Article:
IATA calls for cargo transformation
06 / 06 / 2017
At the 73rd IATA General Meeting and World Air Transport Summit in Cancun, Mexico, a resolution has been adopted to “accelerate the modernisation and transformation of the air cargo industry” through a customer-centric approach.
Measures covered by the resolution include digitisation of the supply chain for instant information sharing to improve efficiency; harmonisation of standards to facilitate safety, security and efficiency; the provision of responsive services through intelligent systems that can “self-monitor, send real-time alerts and respond to deviation”; and the use of data to drive quality improvements in the industry.
Noting that the World Trade Organization’s Trade Facilitation Agreement (TFA) entered into force in February this year, IATA director general and chief executive Alexandre de Juniac said: “The TFA commits governments to making trade faster, cheaper and more efficient. Air cargo processes are stuck in another century.
“To ensure that air cargo is ready to benefit from the expected $1trn boost in trade growth arising from the TFA and the improving global economic environment, we need a major overhaul of industry processes.”
IATA was keen to urge governments to work with industry to achieve its goals. It called for rapid implementation of the TFA, whose benefits include harmonised Customs rules and an emphasis on electronic documentation. Governments should also develop “smart regulations” to improve safety, security and efficiency in the supply chain, IATA said.
"The time is right for change. After several years of virtually no growth, air cargo demand is starting to pick up. We are also seeing new business opportunities with internet commerce and the global distribution of time and temperature sensitive cargo, especially pharmaceutical products,” de Juniac added.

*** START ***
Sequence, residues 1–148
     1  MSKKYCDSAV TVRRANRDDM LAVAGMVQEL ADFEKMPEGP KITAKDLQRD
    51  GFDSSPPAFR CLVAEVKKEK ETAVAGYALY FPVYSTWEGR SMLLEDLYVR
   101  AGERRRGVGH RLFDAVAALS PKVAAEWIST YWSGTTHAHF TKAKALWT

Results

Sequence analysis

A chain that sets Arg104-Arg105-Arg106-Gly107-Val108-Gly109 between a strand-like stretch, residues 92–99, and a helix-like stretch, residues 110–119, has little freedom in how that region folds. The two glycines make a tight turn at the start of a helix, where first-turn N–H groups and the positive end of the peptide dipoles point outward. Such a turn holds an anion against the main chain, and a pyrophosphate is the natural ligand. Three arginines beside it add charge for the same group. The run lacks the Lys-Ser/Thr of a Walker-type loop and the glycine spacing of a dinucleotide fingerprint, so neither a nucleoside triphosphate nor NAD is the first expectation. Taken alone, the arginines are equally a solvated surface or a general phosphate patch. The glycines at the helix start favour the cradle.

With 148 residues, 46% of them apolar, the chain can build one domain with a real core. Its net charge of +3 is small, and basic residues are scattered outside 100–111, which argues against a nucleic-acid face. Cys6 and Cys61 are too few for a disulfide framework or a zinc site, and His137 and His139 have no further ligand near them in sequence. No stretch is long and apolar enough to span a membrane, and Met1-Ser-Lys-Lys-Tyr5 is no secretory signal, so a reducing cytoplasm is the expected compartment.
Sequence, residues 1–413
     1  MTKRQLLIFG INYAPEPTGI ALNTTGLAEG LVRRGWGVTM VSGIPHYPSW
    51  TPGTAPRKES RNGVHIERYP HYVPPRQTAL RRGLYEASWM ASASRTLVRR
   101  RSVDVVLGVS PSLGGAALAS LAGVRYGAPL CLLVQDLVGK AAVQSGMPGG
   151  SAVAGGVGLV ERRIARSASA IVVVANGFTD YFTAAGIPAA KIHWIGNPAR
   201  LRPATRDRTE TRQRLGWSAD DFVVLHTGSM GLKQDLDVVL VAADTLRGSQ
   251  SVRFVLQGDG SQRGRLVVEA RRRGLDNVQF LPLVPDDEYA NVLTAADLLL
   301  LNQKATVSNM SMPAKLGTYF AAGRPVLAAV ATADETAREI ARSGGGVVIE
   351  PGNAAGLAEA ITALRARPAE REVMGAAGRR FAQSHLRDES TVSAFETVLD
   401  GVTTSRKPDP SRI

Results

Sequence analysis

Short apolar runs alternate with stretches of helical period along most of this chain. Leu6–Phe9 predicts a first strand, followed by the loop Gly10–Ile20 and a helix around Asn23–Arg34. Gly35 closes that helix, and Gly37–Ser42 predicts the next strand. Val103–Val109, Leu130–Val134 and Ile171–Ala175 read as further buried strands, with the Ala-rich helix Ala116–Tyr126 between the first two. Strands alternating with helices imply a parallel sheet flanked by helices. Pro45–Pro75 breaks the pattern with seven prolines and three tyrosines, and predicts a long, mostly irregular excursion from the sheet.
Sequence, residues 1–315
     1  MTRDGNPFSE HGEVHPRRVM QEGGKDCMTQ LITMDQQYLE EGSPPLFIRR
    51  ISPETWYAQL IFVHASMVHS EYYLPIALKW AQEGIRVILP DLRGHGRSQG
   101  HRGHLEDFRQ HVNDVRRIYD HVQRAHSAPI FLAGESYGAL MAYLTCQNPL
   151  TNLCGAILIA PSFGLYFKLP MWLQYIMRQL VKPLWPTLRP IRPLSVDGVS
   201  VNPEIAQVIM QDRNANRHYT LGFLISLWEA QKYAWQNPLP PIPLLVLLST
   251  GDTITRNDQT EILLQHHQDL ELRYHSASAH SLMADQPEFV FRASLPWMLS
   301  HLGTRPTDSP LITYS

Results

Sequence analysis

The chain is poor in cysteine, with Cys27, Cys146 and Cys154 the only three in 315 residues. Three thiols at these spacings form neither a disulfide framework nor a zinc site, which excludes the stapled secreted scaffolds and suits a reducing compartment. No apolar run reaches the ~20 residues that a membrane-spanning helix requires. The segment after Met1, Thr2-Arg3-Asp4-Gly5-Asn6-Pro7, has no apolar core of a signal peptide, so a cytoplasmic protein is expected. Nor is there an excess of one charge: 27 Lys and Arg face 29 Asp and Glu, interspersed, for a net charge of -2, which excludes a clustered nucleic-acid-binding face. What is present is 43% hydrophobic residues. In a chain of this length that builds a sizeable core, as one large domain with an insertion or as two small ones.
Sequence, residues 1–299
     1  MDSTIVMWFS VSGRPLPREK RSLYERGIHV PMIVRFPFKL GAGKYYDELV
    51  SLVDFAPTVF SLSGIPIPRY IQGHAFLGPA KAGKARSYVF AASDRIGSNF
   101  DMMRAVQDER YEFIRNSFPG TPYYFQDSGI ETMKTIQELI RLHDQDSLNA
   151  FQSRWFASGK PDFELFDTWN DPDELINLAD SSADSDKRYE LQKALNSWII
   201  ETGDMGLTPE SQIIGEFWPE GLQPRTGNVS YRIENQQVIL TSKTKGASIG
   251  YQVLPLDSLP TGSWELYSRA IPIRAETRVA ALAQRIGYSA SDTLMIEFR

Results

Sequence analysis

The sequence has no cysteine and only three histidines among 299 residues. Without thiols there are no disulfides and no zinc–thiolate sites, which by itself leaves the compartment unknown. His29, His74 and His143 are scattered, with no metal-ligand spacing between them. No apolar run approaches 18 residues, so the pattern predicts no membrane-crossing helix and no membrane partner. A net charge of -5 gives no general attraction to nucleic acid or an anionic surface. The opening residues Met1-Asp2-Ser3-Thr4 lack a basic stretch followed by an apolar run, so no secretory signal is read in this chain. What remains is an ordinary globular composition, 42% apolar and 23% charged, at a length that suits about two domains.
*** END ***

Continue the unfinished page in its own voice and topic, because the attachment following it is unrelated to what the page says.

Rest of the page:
E-commerce and pharmaceuticals are among the factors driving air cargo demand today, which is now forecast to grow by 7.5% in 2017 – up from the 3.6% growth seen last year – to 58.2m tonnes. According to IATA, the main driver of airfreight demand is urgent inventory restocking at the start of an economic upturn – an encouraging sign.
Asia Pacific carriers, in particular, are benefitting from this restocking activity. They account for about 40% of air cargo shipments, IATA said, noting China’s switch towards domestic demand and the continuing strength of Asia’s manufactured components and finished goods sectors.
Pointing out that air cargo accounts for around 35% of the total value of goods traded globally, the association warned against protectionism.
De Juniac said: “Nothing should stand in the way of aviation – the business of freedom. Aviation is globalisation at its very best. But to deliver aviation’s many benefits we need borders that are open to people and trade. Today we face headwinds from those who would deny the benefits of globalisation and point us in the direction of protectionism. This is a threat to our industry. We must bear witness to the achievements of our connected world.”
Overall, IATA expects airlines to report a $31.4bn in 2017 (up from the previously forecast $29.8bn) on revenues of $743bn (up from the previously forecast $736bn), but profitability will suffer from higher costs in terms of fuel, labour and maintenance. The cargo yield is expected to fall by one percent – the smallest decrease in recent years.
Other resolutions adopted at the IATA AGM related to aviation security and the development sustainable fuels.